In the wake of the Sandy Hook shooting, a number of religious charities offered their assistance. Now, a coalition called Atheists Giving Aid wants to raise $50,000 to help pay for funeral costs and counseling services for the victims.
Amanda Brown is an activist. She runs a campaign called We Are Atheism. She calls it an “it gets better” campaign for atheists. When she heard about the shooting on the news, she wanted to help in whatever way she could.
“I found out about what happened just like everyone else. I was out with my 4-year-old daughter, and I just looked down at her – and it would just be devastating and heartbreaking. And, you know, there’s Christmas presents under the tree for these children. The parents did not plan for such a young child’s funeral.”
Brown enlisted the help of her graphic-designer husband, and her friends in the atheist community. They made a fundraising website, and promoted it on Reddit. It’s called Atheists Giving Aid. So far, they have raised $18,000. Their goal is 50,000.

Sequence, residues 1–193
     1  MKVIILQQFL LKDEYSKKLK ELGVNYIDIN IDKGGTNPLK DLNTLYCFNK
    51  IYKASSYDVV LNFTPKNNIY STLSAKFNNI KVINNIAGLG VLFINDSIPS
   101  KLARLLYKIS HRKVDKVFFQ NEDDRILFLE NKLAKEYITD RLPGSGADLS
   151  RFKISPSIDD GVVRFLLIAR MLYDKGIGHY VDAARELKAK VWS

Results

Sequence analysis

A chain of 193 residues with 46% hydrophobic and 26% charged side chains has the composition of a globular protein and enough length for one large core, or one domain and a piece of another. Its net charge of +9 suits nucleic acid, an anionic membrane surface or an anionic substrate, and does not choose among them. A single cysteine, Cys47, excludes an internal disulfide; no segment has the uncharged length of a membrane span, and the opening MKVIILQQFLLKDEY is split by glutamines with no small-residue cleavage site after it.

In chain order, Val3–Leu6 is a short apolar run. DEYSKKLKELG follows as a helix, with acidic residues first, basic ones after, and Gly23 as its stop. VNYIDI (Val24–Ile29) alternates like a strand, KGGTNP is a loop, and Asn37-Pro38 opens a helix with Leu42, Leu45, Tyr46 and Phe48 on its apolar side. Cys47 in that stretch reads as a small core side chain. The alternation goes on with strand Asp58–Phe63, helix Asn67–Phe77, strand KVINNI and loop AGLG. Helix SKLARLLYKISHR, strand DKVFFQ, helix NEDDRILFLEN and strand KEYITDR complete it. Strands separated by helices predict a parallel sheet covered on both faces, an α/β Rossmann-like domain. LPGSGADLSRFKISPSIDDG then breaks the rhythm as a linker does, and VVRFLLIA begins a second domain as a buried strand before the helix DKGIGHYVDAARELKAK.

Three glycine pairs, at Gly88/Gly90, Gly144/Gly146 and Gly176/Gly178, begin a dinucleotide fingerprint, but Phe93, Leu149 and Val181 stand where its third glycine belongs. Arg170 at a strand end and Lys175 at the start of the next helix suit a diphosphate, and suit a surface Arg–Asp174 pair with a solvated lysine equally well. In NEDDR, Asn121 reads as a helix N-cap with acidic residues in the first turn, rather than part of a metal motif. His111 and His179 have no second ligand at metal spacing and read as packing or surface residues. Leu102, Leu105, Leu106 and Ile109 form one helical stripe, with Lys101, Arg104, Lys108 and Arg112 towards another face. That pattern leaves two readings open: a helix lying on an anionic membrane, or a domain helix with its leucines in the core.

Changing Public Perception
One of their partners is American Atheists Inc. Amanda Knief is their managing director. She says this initiative fits right into their charitable mission. They have been raising money for people in need since Hurricane Katrina.
“We were often, as a community, accused of being uncharitable when really, there was just no way for us to show that we were already contributing. And so we started looking for a way to demonstrate that we did care, by doing it as a community. And as natural disasters or tragedies have occurred, we have pulled together as a community; to do things.”
Knief hopes that more public charitable giving will help change the perception of atheists. Ed Buckner isn’t so sure that will work. He’s a former president of American Atheists. He thinks the best way to affect public perception is through modeling good citizenship. He is all in favor of giving money to good causes, but he day-to-day interactions with Atheists will have more of an effect in changing public opinion. Regardless of perception, he hopes that community leaders will start to include the nonreligious in moments of tragedy.